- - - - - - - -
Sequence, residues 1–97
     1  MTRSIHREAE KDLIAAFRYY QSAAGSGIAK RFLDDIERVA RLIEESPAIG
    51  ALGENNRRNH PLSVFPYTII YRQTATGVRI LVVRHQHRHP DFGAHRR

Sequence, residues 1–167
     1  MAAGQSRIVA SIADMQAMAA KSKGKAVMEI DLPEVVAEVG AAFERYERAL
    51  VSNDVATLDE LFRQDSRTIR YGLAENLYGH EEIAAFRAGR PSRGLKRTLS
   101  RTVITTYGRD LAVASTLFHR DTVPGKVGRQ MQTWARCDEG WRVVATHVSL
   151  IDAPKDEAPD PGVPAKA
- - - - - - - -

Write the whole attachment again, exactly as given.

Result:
Sequence, residues 1–97
     1  MTRSIHREAE KDLIAAFRYY QSAAGSGIAK RFLDDIERVA RLIEESPAIG
    51  ALGENNRRNH PLSVFPYTII YRQTATGVRI LVVRHQHRHP DFGAHRR

Sequence, residues 1–167
     1  MAAGQSRIVA SIADMQAMAA KSKGKAVMEI DLPEVVAEVG AAFERYERAL
    51  VSNDVATLDE LFRQDSRTIR YGLAENLYGH EEIAAFRAGR PSRGLKRTLS
   101  RTVITTYGRD LAVASTLFHR DTVPGKVGRQ MQTWARCDEG WRVVATHVSL
   151  IDAPKDEAPD PGVPAKA